Module 7: Indicators

Icône de l'outil pédagogique Authors

C. Bockstaller, N. Turpin, L. Stapleton, M. van der Heijde, O. Therond, T. Pinto-Correia, V. Voltr, M. Raley, I. Bezlepkina, J.-P. Bousset, J. Alkan Olsson, F. Ewert, P. Reidsma


Icône de l'outil pédagogique Introduction

Ex ante integrated impact assessment of new policies is a prerequisite for them to efficiently support sustainable development (SD). Recently, SEAMLESS Integrated Framework has been developed to assess ex ante impacts of agricultural and agri-environmental policies and technologies on agricultural systems across a range of scales, from field–farm to region and the European Union (Van Ittersum et al., 2008). This text briefly presents the set of sustainability indicators developed within the SEAMLESS project.

Indicators are quantitative tools that synthesize or simplify relevant data relative to the state or evolution of certain phenomena. They are tools for communication, evaluation and decision making that can take a quantitative as well as a qualitative form depending on the purpose of the indicators (Gallopin, 1997). The available indicators can therefore always from a users perspective be seen as essential in any model based Impact Assessment.

 


Icône de l'outil pédagogique The SEAMLESS indicators

An indicator list was developed within the SEAMLESS project which is structured and presented through a new indicator framework, i.e. a goal-oriented indicator framework (GOF). This framework covers a broad range of themes linked to the three main dimensions (environmental, economic, social) of sustainability, and generic themes across the three dimensions (Alkan Olsson et al., in review), for two domains; the sustainability of agriculture itself and the impact of agriculture on the rest of the world, i.e. on SD. Three objectives underpinned the development of the SEAMLESS-IF indicator list across scales: i) to provide policy-makers and stakeholders with indicators which they usually use and/or which they would like to use; ii) to ensure scientific soundness of SEAMLESS-IF indicators, i.e. their relevance to represent impacts at stake; iii) to cover the various themes in each dimension of the GOF (see Table 1).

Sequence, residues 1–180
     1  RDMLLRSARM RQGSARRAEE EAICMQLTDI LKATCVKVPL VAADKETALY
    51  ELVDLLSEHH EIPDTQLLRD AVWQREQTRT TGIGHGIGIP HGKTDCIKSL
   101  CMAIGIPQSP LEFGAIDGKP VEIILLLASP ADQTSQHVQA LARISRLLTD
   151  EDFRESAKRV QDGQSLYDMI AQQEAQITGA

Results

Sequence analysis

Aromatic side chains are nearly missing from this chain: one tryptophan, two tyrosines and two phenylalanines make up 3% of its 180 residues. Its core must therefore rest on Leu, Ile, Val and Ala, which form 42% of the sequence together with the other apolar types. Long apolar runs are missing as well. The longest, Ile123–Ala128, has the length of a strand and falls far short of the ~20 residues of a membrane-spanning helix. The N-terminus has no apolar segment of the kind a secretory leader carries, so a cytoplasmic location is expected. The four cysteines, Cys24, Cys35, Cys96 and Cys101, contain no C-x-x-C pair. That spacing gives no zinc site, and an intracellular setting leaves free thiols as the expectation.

Different methods can be used for quantitative assessment (measurement, data census, model output, transformation of model outputs) and qualitative assessment (expert advice, decision makers, participation of populations). Within SEAMLESS-IF indicators are primarily assessed by models (and model chains) and thus their development has been constrained by the nature of the available model outputs. Outputs from three main models integrated in SEAMLESS-IF are used for the indicator calculation: the agricultural sector model SEAMCAP; the farming system model FSSIM; and the cropping system model APES. However, despite the range of scales covered by the SEAMLESS-IF model chains some key indicators can currently not be assessed directly from model outputs. However, despite the high range of scales covered by the SEAMLESS model chains some of key indicators cannot currently be assessed at certain scales using model outputs. To address this problem generic upscaling procedures have been developed and associated to each indicator that needs to be upscaled.

Examples of indicators are shown in Table 1. Across scales a total of 80 environmental, 140 economic and only 11 social indicators are or are about to be integrated into SEAMLESS-IF. This new structured set of indicators offered by SEAMLESS-IF enables a multi-scale integrated assessment of SD from the farming systems to the agri-environmental zones and the EU level.